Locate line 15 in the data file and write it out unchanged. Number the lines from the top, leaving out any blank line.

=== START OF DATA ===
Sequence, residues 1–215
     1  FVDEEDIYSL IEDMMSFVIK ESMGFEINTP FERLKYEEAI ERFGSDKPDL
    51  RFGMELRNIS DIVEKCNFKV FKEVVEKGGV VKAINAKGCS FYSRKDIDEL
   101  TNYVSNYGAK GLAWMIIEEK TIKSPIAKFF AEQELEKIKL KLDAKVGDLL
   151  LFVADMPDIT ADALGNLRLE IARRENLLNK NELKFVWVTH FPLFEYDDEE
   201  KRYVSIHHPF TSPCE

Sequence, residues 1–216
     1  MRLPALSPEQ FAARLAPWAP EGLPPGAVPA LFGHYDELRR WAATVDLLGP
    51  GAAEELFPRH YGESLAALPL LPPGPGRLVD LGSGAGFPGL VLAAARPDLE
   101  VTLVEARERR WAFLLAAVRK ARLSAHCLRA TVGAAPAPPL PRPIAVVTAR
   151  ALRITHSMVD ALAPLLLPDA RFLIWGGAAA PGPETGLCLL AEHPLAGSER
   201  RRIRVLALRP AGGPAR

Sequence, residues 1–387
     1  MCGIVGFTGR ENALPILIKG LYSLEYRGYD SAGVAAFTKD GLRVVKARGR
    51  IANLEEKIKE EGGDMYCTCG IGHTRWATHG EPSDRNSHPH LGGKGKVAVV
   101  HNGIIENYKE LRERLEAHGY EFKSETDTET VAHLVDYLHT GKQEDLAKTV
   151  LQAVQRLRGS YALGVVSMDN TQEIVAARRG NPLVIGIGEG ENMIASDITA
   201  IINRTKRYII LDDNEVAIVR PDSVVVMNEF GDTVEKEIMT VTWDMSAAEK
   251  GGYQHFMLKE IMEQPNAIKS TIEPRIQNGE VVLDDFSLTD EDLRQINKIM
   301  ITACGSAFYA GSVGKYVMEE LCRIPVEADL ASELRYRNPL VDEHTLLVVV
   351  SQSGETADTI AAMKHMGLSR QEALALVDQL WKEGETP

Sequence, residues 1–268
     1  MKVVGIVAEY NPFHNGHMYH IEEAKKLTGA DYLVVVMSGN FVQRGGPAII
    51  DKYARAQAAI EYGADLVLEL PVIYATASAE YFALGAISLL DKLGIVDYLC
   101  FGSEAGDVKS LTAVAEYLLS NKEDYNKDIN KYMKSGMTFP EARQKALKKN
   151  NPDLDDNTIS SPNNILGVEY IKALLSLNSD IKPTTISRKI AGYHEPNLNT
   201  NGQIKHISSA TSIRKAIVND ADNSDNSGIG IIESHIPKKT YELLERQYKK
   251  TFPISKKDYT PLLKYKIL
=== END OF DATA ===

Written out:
    51  IANLEEKIKE EGGDMYCTCG IGHTRWATHG EPSDRNSHPH LGGKGKVAVV